Speaker 1:

So yeah, we've partnered with a lot of the local chiropractors in the area, a lot of doulas, midwives in the area, to really make sure everyone is aware of these services.

Speaker 2:

And with the online you can like.

Speaker 1:

doesn't have to just read this area, right, it doesn't Sorry to no, I know, yeah, exactly, and so we do have referrals and people that we've connected with outside of that community as well, and so, yeah, it's very interesting With the virtual piece.

Speaker 2:

it's like you can really expand and I've been to maybe four or five chiropractors and none of them have ever recommended PT. Honestly, I think it's PT that I need Like. I think it's PT, I don't think it's just adjustments.

Speaker 1:

Yes, physical therapists talk about this a lot. We have a big identity crisis in the sense that no one knows what we do.

Speaker 2:

The public is not that's why I literally asked you. I was trying to make it seem like it was really what it was for me.

Speaker 1:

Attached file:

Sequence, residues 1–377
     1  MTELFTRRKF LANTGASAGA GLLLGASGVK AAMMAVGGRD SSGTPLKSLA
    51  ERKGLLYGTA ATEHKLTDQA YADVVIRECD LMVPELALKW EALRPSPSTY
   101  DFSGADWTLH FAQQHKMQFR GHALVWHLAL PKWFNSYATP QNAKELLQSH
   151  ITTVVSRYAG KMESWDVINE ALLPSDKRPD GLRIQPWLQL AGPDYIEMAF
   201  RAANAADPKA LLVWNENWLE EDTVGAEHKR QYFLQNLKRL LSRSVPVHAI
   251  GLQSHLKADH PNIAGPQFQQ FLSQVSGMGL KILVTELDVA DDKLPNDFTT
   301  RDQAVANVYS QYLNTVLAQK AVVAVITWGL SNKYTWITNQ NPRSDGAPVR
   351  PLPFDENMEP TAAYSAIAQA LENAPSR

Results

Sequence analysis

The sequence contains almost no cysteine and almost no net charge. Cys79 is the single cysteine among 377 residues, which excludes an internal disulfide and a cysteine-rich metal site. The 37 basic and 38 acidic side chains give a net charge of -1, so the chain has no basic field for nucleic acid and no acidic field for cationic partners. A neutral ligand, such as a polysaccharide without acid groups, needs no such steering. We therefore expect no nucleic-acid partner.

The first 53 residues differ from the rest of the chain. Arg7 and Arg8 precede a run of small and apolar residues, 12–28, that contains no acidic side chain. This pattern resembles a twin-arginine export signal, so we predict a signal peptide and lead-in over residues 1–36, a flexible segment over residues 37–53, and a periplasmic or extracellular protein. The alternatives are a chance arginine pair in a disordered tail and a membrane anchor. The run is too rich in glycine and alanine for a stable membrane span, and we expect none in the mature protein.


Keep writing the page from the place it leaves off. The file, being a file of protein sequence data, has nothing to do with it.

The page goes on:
No, we are very aware the public has no idea what physical therapists do and the benefits that we can have, and there's like so I mean, there's so many different aspects and specialties of PT, like across the age, span, across different like conditions, like pelvic health is just one of them, but that is one most people, I would say, are not very familiar with and they have no idea that we can kind of address these issues or like, really we are the people if you're dealing with pain, especially for an extended period of time, we are the people that you should be working with, because we're the ones who are trained to deal with chronic pain, who are going to look at everything and we're going to spend a good amount of time with you too. I think that's the difference between, like you go to your primary care or you see maybe a specialist, especially if you're using your insurance, and maybe you get like 15 minutes with that doctor. So it's like sometimes they don't have a lot of time to explain what's going on, or it's very much like okay, here's what I think it is like here's a prescription, or go do this and like I'll see you in six to eight weeks, but like, how much did they really get to know, again, what's going on in your day to day life? What if you're dealing with back pain again? You've got two kids at home and they're like, okay, great, you need to go do all of these things. And you're like, why don't have child care? Like my husband is always working or traveling so I'm going to have to bring my kids with me, but my kids can't come to these appointments. So like, what good is that recommendation if you can't actually go and follow through? Right? And so it's like people will give recommendations or say things and they don't even know what they're actually fitting with their lifestyle. Yes, exactly. And so that's kind of the benefit to physical therapists is we're working with someone who has the time it's not just PTs, but someone who has the time to really get to know you and get to know your life is we're going to be able to provide so much, so many better recommendations as to what you can do and how you can really change things long term if we know what's going on.